The March 11 luncheon was highlighted by a speech from the newly appointed executive director of the U.S. Department of Education’s Office of Education Technology. John Bailey, former director of technology for the Pennsylvania Department of Education, briefed superintendents about the recently signed No Child Left Behind (NCLB) Act. According to Bailey, the law simplifies funding for educational technology. It combines several ed-tech programs into a single block-grant program, Enhancing Education through Technology, which will be administered locally by states.
Twenty-five percent of the funds must be used for professional development activities, Bailey told attendees. The good news: The costs of administrator professional development, including conference attendance, may be counted toward the 25 percent, Bailey announced. “Now, you know something that even your IT staff hasn’t heard yet,” he told the superintendents.
Another benefit of NCLB, Bailey said, is that every single education program is an opportunity for technology funding: “You have to first think about your instructional need, and then ask how technology can help you solve that need.”
A third benefit is the law’s flexibility, which is exemplified by a feature called “transferability,” Bailey said. This feature gives school leaders the ability to transfer education dollars between programs, depending on need. “So if you decide you have a safe and drug-free school, you can take funds from that [program] and move them over to technology, if you feel that is where you need to focus your funds,” he said.
Security and professional development
In the afternoon sessions on March 11, Harold Kellogg, a consultant for school districts looking to enhance their security, spoke on the topic of “Balancing Security and a School Climate Conducive to Learning.” Kellogg advocated giving teachers wireless phones to use at their discretion and letting students use phonesresponsiblyas well.
In another session, Heidi Blair-Clevenger, digital media coordinator for Deer Valley Schools in Phoenix, discussed the merits of “Technology Professional Development for Administrators.” It’s crucial for school administrators at all levels to be well-versed in technology issues and applications, Blair-Clevenger said, because strong leadership at the school and district level is needed to ensure the success of technology programs.
Clevenger recommended that school leaders review the Technology Standards for School Administrators, released last year by ISTE (see http://cnets.iste.org/tssa for more information); expand professional development offerings so they address these topics; conduct regular self-assessments of technology skills; identify peer experts who can help “coach” colleagues; and employ a variety of delivery modes for staff development.
Surviving systems implementations
The final day of the summit opened with another round of informative breakout sessions. In “Information Systems Implementations: A Survivor’s Guide,” a group of IT consultants discussed what it takes to implement a complex information system successfully. The group’s advice resonated with attendees, many of whom were familiar with recent, high-profile (and costly) problems with installations of new information systems in large urban districts such as Philadelphia and San Francisco.
In her presentation, Donna Linder, manager for the Gibson Consulting Group, gave tips on how to implement such systems smoothly. In one example, she urged school personnel to give very explicit guidance to vendors. For instance, instead of saying in your request for proposals that the vendor must “capture at-risk information,” she recommended that you specify your district’s expectations in greater detail. She also urged school leaders to adopt a disciplined approach, use measurable requirements, and be sure to leave even more time for the process than you think will be necessary.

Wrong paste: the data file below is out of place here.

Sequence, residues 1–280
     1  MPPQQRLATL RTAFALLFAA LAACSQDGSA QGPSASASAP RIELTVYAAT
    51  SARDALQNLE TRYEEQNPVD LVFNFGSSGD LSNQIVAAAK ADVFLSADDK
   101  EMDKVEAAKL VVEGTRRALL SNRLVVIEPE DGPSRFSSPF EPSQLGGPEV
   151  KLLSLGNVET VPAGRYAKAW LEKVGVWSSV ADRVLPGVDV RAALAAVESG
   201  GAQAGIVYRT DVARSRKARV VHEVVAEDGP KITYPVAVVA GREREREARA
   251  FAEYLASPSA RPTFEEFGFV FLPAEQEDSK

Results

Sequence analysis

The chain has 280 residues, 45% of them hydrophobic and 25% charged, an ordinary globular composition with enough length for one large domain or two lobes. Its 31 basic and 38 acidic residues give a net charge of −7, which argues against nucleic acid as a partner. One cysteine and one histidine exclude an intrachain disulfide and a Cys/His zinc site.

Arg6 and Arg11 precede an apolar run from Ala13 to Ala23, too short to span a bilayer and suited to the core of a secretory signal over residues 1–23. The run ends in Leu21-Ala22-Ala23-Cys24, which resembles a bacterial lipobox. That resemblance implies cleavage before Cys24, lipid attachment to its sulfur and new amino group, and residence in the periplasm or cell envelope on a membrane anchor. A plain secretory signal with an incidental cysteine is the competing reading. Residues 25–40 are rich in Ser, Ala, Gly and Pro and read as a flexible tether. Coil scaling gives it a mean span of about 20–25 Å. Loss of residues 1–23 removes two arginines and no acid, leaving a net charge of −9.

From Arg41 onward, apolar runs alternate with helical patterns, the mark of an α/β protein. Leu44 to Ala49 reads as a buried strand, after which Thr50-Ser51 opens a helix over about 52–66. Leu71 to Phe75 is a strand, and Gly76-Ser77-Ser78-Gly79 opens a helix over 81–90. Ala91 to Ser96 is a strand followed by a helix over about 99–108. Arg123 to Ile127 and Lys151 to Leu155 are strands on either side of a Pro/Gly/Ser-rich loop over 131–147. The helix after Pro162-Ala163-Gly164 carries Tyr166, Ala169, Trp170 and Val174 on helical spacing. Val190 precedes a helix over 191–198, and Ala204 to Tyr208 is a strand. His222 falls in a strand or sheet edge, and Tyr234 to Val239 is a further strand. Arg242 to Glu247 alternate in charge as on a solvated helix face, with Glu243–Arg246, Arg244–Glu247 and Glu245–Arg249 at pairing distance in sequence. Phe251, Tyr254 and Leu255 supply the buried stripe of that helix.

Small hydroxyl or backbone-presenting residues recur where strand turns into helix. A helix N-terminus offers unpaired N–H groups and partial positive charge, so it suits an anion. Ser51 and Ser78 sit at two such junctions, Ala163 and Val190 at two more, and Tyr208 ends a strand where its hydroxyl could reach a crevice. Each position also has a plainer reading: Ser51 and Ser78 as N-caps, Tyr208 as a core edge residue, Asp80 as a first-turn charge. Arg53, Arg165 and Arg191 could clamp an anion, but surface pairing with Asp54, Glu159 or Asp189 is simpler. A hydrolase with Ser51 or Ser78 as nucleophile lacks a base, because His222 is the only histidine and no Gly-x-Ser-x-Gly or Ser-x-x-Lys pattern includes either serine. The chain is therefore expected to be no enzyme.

In a session titled “Update on Arizona’s $144 Million School Tech Initiative,” Philip Geiger, executive director of the Arizona School Facilities Board; Craig Larson, chief executive officer of LearningStation; and Megan Zimmerman, senior consultant for KPMG, discussed how their organizations worked together to implement a statewide distribution of software to Arizona school districts via the ASP model.
“A neat thing about the ASP [model] is that you can actually track the usage [of curriculum software] and see which pieces are actually being used and which are not,” Zimmerman said.
There was some heated discussion about the selection methods for curriculum titles. One attendee expressed concern that “the decision was made on behalf of the teachers,” rather than by teachers. But according to Geiger, who spearheaded the Arizona ASP project, “If there are pieces missing, the schools can go buy them for themselves. The point is that this is one state project that will be done, whereas there are so many projects that just go on and on and eventually lose their focus.”
At the March 12 luncheon, Chris Dede, professor of learning technologies at the Harvard Graduate School of Education, delivered a speech entitled, “Technology as a Means, Not an End.”
“As a member of the ‘Leave it to Beaver’ generation, I got a lot of what I call ‘teaching by telling,'” he said. “Now that we have a global, knowledge-based economy, a lot of what I learned then is now obsolete.”
Dede told attendees that, as superintendents, they know that if you study issues until you completely understand them, it can be far too late to take action. “By that time, they have morphed into a whole new problem,” he said. “Thriving on chaos is typical of what future generations will face.”
Dede said his research indicated that children need to learn “higher-order skills,” such as guided “learning by doing,” collaborative learning, and nurturing apprenticeship or mentoring relationships. He called these higher-order skills “distributed learning.”
He also gave attendees the web address for a course he teaches at Harvard on distributed learning (http://www.gse.harvard.edu/~dedech/502) and encouraged them to use the resources it contains.